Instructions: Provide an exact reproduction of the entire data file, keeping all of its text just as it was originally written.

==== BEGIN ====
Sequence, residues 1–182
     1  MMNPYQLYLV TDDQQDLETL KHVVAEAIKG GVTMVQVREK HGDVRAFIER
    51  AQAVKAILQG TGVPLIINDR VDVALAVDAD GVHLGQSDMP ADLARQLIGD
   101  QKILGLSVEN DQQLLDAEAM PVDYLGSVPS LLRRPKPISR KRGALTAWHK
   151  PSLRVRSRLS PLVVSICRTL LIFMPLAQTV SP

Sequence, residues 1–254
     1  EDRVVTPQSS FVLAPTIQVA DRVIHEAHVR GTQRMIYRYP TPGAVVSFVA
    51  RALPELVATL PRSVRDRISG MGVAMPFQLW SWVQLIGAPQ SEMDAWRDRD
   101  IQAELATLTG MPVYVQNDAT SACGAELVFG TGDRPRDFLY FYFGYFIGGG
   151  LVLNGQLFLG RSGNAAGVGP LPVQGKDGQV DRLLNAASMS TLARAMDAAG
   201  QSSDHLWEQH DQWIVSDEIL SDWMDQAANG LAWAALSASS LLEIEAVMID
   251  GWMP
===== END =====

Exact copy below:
Sequence, residues 1–182
     1  MMNPYQLYLV TDDQQDLETL KHVVAEAIKG GVTMVQVREK HGDVRAFIER
    51  AQAVKAILQG TGVPLIINDR VDVALAVDAD GVHLGQSDMP ADLARQLIGD
   101  QKILGLSVEN DQQLLDAEAM PVDYLGSVPS LLRRPKPISR KRGALTAWHK
   151  PSLRVRSRLS PLVVSICRTL LIFMPLAQTV SP

Sequence, residues 1–254
     1  EDRVVTPQSS FVLAPTIQVA DRVIHEAHVR GTQRMIYRYP TPGAVVSFVA
    51  RALPELVATL PRSVRDRISG MGVAMPFQLW SWVQLIGAPQ SEMDAWRDRD
   101  IQAELATLTG MPVYVQNDAT SACGAELVFG TGDRPRDFLY FYFGYFIGGG
   151  LVLNGQLFLG RSGNAAGVGP LPVQGKDGQV DRLLNAASMS TLARAMDAAG
   201  QSSDHLWEQH DQWIVSDEIL SDWMDQAANG LAWAALSASS LLEIEAVMID
   251  GWMP